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Character in the real world: teachers in the church
Scripture: Titus 2:1, 7-8, 15
Track 7 of 9 in the Living as disciples in the "here and now" series
Running time: 28 minutes, 28 seconds.
The need for Godly men and women to teach

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Chuck Sackett Speaker: Chuck Sackett
Dr. G. Charles Sackett is minister of Madison Park Christian Church.

View all sermons by this speaker.

Sermon for Sunday, February 15, 2004
"Character in the Real World: teachers in the church"
Living as Disciples in the "here and now"
(Titus 2:1, 7-8, 15 )
Copyright 2004 G. Charles Sackett

We call it sweeping the floor. It's when, as a way of getting to a point, you say, it's not this and it's not this and it's not this and it's not something else, but it's this. When we come to Titus, we're wrestling with lots and lots of issues of what it is to live in the "here and now" in this striking contrast between our culture and what it means to be Christian. We started out the book in looking at the eldership and that key leadership in the church and how it stands in such striking contrast to the leadership that would have been available among those Cretan Christians. We came to the older men and how significant it was for older men to have godly character if they're to raise up a generation of younger men of character. And older women who needed to be women of character who were to train up to teach younger women to be wise ahead of their years.

We looked a bit at what it means to live in the "here and now" as an employee, as someone who is under somebody else, and try to live that out with character and dignity.

We come today to Titus himself. He shows up in Chapter 2:1, 7-8 and 15 and I think he becomes for us, something of a model of what it means to be called to be a teacher in the Kingdom. But we need to give this caveat. I don't know that there is anybody that quite fits who Titus really is, because we don't have apostles sending out people to certain churches to do certain things. Titus has a unique authority. It was given to him because of his relationship with the apostles.

But there are some ways, in which people like me, who supposedly stand up and talk for God on Sunday, have some similarities to him and I think anyone who teaches Scripture, falls into some of those same categories of what it means to do what Titus is doing. What I want you to hear is, when we talk about teachers at Madison Park and what we want to raise the question is, what can you expect from us? What do you expect from the person who stands up here on a Sunday morning or is in your adult discipleship class or your Wednesday Bible study or the person who leads your women's study? What kinds of expectations can you have?

Well, let me sweep the floor just a little bit. Don't expect them to be perfect people. We ran out of those right after Easter Sunday 2,000 years ago. Don't expect them to have all the answers. I do expect them to raise great questions, but I don't assume that anybody has all of the answers. In fact, my kind of nature is that if somebody's got all of the answers, I'm probably not going to believe it anyway. Don't assume from them that they will necessarily be able to meet every one of your expectations because, well, quite frankly, we sometimes have higher expectations than any human being can meet. But what could you expect from them?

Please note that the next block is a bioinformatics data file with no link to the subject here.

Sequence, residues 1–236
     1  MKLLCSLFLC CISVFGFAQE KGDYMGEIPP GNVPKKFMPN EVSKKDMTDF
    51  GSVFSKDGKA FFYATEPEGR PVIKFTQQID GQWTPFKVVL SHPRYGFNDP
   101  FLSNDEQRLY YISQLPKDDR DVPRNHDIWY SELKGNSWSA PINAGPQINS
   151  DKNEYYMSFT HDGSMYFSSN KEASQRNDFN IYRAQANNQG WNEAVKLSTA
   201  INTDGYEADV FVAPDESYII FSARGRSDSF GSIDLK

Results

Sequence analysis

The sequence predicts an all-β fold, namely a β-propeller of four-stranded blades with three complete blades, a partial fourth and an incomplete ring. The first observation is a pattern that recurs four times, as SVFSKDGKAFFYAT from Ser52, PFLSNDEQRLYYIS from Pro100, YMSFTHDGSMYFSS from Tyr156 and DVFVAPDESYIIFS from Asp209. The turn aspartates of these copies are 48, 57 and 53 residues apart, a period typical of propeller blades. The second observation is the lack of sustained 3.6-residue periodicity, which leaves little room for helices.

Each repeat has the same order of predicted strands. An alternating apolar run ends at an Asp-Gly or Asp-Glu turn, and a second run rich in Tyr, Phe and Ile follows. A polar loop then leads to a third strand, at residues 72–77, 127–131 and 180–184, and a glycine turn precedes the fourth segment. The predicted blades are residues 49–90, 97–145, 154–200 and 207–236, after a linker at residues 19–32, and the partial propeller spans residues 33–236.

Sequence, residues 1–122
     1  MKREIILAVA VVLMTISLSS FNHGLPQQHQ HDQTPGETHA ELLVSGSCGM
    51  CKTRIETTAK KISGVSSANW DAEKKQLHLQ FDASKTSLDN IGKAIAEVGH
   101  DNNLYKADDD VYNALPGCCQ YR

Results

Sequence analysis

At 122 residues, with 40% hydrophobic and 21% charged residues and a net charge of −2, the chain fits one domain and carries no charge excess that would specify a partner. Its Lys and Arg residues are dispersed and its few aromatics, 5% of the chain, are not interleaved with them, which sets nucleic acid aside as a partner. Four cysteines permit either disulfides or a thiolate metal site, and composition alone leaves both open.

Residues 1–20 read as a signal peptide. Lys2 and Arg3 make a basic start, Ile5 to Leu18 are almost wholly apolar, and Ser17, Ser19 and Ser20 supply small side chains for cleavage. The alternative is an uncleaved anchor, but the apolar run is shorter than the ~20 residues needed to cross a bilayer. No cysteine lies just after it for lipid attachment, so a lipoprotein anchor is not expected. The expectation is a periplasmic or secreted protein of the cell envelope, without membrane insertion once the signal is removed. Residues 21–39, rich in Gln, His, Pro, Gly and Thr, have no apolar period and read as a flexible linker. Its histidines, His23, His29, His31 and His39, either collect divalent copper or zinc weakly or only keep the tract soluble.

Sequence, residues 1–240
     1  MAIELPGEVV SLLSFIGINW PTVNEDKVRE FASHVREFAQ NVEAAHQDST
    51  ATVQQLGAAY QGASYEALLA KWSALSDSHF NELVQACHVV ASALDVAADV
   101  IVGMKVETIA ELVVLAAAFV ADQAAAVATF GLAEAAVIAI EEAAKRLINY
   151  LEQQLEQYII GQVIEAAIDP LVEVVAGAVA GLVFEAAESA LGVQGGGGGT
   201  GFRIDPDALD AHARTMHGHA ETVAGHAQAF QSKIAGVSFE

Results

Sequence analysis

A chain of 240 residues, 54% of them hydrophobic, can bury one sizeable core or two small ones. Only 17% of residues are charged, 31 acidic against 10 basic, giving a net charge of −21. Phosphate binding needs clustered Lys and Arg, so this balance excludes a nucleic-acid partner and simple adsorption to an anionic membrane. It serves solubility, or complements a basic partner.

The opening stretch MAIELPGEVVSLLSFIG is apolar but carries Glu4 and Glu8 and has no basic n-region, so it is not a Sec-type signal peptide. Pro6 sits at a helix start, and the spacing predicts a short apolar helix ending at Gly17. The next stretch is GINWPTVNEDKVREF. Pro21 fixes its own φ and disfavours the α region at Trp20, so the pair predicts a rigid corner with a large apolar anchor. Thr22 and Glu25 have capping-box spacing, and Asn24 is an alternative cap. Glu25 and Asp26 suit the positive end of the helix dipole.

Well, let's look at the text. Titus 2:1, 7-8, 15. Unfortunately here the NIV doesn't translate the word that's such a strong reversal. When you get to the end of verse 16 of Chapter 1, you have just gone through this strong statement about how bad the Cretan culture is and the text says, But You, (the NIV simply says)You must teach (it leaves out that important turning word.) Titus, this is what the world is like . . .But you (do ya hear that?) There is to be this contrast between Titus and the rest of those people. But You Titus teach what is in accord with sound doctrine. Verse 7, after he's talked about the young men. In everything set them an example by doing what is good. In your teaching show integrity, seriousness and soundness of speech that cannot be condemned, so that those who oppose you may be ashamed because they have nothing bad to say about us. And verse 15. These then are the things you should teach. Encourage and rebuke with all authority. Do not let anyone despise you.

So what can you expect from teachers at Madison Park Christian Church? You can expect sound teaching. Look carefully at verse 1; You much teach what is in accord with sound doctrine. There is something about this text that reminds us that there are some things worthy to be taught and some things that are not healthy to be taught. There are some things appropriate and some things not. The language that is used here, when it talks about sound teaching, is the kind of teaching that looks right, that appears right, that has the sense of appropriateness about it. Now I understand there's a bit of mystery in knowing what that is, but it ought to look right on a Christian. It ought to sound right coming out of the mouth of a Christian teacher. See, some things are just inappropriate. You recognize them pretty regularly when you see them.

I remember the first marathon I ever ran was in Los Angles, California where all of the weird people go to run marathons, including me. Except that there are people running down the street dressed in, (well, like a dragon costume, seven of them, all linked together in one big line) and there's a guy dribbling a basketball the entire 26 miles. There's a couple wearing a wedding gown and tuxedo, she the wedding gown. You might not expect that in California. You think to yourself, that's just not appropriate wear. It just doesn't look like it belongs here with 18,000 people, most of them dressed in little skimpy shorts and tee shirts.